And don't forget about the oil dipper on the rod.
That'll now be a non-dipper.
And the ignition issues.
And the pull starter.
And the catches on the flywheel now face the wrong way.

All of this to reduce the amount of OEM-engineered components and not gain an iota of hp.

One thing that large manufacturers are good at is eliminating unnecessary components in their final product.

I think I've been trolled.....again.
 
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xseler

Well-Known Member
Apr 14, 2013
2,883
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OKC, OK
“Reality continues to ruin my life.”

“You know, Hobbes, some days even my lucky rocket ship underpants don't help.”

"We need more special effects and dance numbers."

"There's never enough time to do all the nothing you want."


Calvin says to Hobbes.........
 

xXNightRiderXx

Active Member
Jan 12, 2017
415
62
28
Boise
Then you should ask your father.
He knows how to do it; he has the know-how..
You have the skill to do it.
Do you have access to a machine shop?
You have the money.
Just do it.
Please take lots of pictures.
I'm curious as to how reversing engine rotation will affect piston slap.
And don't forget about the oil dipper on the rod.
That'll now be a non-dipper.
And the ignition issues.
And the pull starter.
And the catches on the flywheel now face the wrong way.

All of this to reduce the amount of OEM-engineered components and not gain an iota of hp.

One thing that large manufacturers are good at is eliminating unnecessary components in their final product.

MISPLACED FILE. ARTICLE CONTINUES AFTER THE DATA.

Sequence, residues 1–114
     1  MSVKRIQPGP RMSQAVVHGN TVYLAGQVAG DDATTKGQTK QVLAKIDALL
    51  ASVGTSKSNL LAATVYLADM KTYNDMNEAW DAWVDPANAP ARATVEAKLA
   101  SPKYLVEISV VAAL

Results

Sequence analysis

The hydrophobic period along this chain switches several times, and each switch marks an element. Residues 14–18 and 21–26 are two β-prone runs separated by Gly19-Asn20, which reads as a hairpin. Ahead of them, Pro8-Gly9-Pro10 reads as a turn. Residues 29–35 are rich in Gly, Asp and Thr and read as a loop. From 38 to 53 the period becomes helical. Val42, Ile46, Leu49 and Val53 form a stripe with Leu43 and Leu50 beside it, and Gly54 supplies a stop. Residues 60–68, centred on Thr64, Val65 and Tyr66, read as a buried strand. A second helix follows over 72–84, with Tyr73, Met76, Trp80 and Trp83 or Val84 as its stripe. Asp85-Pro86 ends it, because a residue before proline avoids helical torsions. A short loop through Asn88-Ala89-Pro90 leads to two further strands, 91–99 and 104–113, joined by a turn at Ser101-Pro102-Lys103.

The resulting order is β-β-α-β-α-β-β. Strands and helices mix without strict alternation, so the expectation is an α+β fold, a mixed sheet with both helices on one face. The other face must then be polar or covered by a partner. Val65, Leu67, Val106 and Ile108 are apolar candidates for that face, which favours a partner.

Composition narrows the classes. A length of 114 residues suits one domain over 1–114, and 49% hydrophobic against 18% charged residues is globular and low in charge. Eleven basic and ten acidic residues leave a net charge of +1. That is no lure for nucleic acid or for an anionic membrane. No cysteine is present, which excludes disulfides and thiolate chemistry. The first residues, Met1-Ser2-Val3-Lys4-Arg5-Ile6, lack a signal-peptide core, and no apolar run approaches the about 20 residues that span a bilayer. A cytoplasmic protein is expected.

I think I've been trolled.....again.
Two things that are easy to fix are the dipper on the rod and the pull starter. Just flip the rod, and reverse the recoil spring in the starter. Ignition and the flywheel catches aren't as easy. And please, explain to me what piston slap is, for I don't know. I don't have access to a machine shop, but I know someone who has at least a drill press. If I need a new flywheel made, I will gladly pay for a machinist to do it.

This is all because I don't have enough space between my rear wheel and the seat tube for a jackshaft, so I need to mount the engine backwards. I am not reducing the amount of hardware inside the engine. I'm not looking at increasing HP until I can get the cylinder bored.
 
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5-7HEAVEN

Well-Known Member
Aug 2, 2008
2,527
140
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"I benefit from this by reducing the amount of hardware required to put power into my gears."

So you're doing this major engine reconstruction because you don't have room for a jackshaft?

O.....M.....G.

So there's no reason for me to explain why it's so difficult to reverse engine rotation, for want of a jackshaft.

Do you actually have the engine mounted in the bicycle frame?

Simple and not so simple ways of mounting a jackshaft with a 79cc engine?.

Someone has probably done a 79cc shift kit install.

But not a 79cc engine reverse-rotation.

Do your research on the MB forums
 

xXNightRiderXx

Active Member
Jan 12, 2017
415
62
28
Boise
"I benefit from this by reducing the amount of hardware required to put power into my gears."

So you're doing this major engine reconstruction because you don't have room for a jackshaft?

O.....M.....G.

So there's no reason for me to explain why it's so difficult to reverse engine rotation, for want of a jackshaft.

Do you actually have the engine mounted in the bicycle frame?

Simple and not so simple ways of mounting a jackshaft with a 79cc engine?.

Someone has probably done a 79cc shift kit install.